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Inmates to continue to get three meals a day

June 25, 2009|By DANIELLE CINTRON

WASHINGTON COUNTY -- Maryland inmates will continue to get three meals a day despite some states' decision to cut back on prison menus, a prison official said.

In Georgia, the Department of Corrections recently eliminated lunch on Fridays for prison inmates, whittling the three-meal week down to four days. Ohio was considering replacing weekend breakfast with brunch, and other states such as Alabama are reducing the milk and fresh fruit served at the prisons to save the state money.

"The (Maryland) inmates will continue to receive nutritionally adequate meals three times a day, and as far as I know, we are not facing any cuts," said Mark A Vernarelli, director of public information for the Maryland department of public safety and correctional services.

The State of Maryland can feed the more than 23,500 Division of Correction inmates at a cost of just $3.18 per day for all three meals combined, Vernarelli said.

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"These meals are nutritionally balanced, meeting or exceeding all daily requirements for vitamins, minerals, calcium, fiber, etc., as determined by the Food and Nutrition Board, Institute of Medicine-National Academies," Vernarelli said. "We take nutritional needs seriously because, after all, we are responsible for the well-being of many men and women."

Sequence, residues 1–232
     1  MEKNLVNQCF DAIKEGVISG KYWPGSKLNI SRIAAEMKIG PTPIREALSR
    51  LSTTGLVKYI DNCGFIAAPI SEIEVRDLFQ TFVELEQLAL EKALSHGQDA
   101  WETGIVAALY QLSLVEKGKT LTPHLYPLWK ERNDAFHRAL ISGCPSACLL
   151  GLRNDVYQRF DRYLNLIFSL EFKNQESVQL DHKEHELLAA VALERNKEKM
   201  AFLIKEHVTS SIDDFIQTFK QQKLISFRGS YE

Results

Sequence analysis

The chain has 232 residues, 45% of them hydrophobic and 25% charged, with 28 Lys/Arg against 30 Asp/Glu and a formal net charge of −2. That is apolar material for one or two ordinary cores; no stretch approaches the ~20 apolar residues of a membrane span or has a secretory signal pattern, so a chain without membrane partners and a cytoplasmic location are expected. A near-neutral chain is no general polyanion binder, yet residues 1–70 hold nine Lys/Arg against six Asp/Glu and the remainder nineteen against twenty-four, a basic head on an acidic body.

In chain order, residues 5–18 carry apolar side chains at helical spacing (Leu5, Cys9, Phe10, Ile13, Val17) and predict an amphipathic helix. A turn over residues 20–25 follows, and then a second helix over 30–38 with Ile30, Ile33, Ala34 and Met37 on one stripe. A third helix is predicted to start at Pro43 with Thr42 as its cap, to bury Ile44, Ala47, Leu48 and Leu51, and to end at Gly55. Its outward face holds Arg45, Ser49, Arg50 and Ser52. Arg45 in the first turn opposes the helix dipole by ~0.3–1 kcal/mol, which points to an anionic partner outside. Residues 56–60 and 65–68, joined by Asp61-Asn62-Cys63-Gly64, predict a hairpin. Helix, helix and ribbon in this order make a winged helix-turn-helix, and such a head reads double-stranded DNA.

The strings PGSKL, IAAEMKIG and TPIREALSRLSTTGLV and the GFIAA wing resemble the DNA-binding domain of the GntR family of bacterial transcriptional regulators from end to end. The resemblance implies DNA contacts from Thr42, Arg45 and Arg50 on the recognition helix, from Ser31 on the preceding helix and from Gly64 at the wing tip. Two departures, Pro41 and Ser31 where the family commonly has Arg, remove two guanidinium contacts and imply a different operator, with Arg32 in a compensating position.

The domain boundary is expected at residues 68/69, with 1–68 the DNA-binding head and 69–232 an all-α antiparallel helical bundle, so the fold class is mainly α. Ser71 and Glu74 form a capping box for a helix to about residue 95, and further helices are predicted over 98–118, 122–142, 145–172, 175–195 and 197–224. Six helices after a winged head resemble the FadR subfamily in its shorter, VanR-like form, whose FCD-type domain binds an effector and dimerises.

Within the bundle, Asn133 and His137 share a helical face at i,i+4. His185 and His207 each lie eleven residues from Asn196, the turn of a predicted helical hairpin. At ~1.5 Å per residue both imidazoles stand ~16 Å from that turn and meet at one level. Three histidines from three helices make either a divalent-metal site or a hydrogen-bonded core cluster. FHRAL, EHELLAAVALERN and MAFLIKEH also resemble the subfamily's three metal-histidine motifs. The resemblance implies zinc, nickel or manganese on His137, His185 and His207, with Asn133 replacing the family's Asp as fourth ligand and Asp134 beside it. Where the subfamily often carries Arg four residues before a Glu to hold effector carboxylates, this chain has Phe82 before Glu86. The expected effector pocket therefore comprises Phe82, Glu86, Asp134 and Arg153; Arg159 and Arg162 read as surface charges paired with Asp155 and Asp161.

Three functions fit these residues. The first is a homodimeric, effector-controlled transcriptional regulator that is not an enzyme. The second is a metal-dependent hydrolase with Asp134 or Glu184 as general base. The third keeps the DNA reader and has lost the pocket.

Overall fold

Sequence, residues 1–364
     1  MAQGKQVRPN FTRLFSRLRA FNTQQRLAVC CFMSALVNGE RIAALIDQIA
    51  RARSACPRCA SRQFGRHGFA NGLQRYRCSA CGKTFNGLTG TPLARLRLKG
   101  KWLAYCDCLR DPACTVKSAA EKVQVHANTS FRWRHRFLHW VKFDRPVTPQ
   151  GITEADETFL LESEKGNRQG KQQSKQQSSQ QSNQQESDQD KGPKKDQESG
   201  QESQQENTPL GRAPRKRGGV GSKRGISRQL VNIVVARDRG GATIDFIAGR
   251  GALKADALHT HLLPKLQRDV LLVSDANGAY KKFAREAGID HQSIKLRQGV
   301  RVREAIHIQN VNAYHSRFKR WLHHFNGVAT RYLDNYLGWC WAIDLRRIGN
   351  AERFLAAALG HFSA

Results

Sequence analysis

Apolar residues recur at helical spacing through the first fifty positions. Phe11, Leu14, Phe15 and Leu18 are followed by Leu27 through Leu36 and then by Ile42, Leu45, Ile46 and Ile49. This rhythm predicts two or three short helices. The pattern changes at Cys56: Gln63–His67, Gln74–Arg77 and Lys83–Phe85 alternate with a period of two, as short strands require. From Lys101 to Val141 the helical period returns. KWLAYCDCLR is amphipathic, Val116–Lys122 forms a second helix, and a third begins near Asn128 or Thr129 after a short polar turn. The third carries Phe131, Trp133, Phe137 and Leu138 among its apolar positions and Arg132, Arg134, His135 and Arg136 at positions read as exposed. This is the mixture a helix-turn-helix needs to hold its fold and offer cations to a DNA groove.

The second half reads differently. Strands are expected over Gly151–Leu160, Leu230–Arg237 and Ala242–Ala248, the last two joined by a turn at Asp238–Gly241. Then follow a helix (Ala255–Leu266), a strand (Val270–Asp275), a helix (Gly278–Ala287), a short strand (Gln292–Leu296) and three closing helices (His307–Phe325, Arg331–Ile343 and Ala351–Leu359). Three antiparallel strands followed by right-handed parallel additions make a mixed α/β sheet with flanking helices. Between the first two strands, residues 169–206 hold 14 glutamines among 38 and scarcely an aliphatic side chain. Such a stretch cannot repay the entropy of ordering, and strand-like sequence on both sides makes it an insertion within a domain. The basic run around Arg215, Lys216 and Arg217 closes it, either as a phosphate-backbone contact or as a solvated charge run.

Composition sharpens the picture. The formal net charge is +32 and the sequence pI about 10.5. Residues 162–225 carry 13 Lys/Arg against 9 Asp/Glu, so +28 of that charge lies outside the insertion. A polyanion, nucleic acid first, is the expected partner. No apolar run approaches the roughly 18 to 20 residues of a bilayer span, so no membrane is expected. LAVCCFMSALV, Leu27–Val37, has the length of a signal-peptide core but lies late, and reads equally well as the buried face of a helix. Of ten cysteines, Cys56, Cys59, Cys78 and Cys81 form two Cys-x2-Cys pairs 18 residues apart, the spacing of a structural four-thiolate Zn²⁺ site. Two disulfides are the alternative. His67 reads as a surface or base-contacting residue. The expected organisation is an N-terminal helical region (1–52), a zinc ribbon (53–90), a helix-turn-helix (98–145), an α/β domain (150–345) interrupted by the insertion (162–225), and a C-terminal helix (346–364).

Vernarelli also said at one point Maryland looked into the cost-effectiveness and nutritional issues associated with doing two meals a day and found it would cost more than the current three meals.

"The Division of Correction budgets about $17 million to 18 million annually to feed inmates," he said. "We do not plan any cuts in food service, but of course, (we) always look at ways to reduce our costs in every area. Food service (in Maryland) is a very efficient operation."

Maj. Martin V. Evans, warden of the Washington County Detention Center, said the prisoners there also would continue receive three meals a day.

"We're weathering the storm OK," Evans said. "It's unusual that (other states) are cutting meals. Nothing is impossible, but there won't be cuts right now."

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